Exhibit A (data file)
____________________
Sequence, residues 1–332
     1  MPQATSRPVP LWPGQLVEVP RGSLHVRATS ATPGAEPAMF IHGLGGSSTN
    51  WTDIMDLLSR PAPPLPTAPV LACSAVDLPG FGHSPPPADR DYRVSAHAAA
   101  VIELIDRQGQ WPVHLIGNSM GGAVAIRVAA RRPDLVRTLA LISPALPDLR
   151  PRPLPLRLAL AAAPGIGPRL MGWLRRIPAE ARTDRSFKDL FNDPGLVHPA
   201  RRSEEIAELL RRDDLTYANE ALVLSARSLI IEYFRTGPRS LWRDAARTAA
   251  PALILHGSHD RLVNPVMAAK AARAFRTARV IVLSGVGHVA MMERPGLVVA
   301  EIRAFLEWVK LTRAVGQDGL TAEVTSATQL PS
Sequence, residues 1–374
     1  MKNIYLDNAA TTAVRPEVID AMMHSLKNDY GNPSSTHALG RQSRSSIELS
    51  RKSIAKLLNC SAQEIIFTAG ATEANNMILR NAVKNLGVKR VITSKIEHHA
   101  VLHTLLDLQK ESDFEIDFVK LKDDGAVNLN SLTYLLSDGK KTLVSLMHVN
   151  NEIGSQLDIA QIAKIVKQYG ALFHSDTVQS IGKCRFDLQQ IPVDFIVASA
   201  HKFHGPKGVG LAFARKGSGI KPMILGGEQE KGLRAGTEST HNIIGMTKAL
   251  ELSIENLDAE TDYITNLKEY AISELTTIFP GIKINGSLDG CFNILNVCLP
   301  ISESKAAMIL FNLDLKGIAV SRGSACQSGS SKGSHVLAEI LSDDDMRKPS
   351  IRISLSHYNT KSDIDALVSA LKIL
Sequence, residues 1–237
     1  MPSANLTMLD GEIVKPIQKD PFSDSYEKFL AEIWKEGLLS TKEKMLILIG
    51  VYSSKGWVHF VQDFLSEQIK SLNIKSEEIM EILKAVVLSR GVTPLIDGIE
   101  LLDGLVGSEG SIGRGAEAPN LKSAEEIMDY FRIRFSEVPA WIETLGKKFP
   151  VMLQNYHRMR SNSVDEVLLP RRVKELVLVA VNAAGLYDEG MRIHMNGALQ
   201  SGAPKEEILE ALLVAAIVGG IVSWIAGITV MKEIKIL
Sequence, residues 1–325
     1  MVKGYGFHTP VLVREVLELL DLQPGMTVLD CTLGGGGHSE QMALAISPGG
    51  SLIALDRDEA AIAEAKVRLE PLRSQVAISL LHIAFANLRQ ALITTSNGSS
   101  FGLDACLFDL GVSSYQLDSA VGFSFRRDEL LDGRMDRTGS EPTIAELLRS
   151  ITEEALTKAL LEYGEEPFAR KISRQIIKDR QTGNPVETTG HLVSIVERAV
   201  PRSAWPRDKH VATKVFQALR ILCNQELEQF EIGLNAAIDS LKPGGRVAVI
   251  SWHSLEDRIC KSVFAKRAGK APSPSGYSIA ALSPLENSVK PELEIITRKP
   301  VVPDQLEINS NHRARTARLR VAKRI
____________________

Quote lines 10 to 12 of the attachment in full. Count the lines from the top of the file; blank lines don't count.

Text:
     1  MKNIYLDNAA TTAVRPEVID AMMHSLKNDY GNPSSTHALG RQSRSSIELS
    51  RKSIAKLLNC SAQEIIFTAG ATEANNMILR NAVKNLGVKR VITSKIEHHA
   101  VLHTLLDLQK ESDFEIDFVK LKDDGAVNLN SLTYLLSDGK KTLVSLMHVN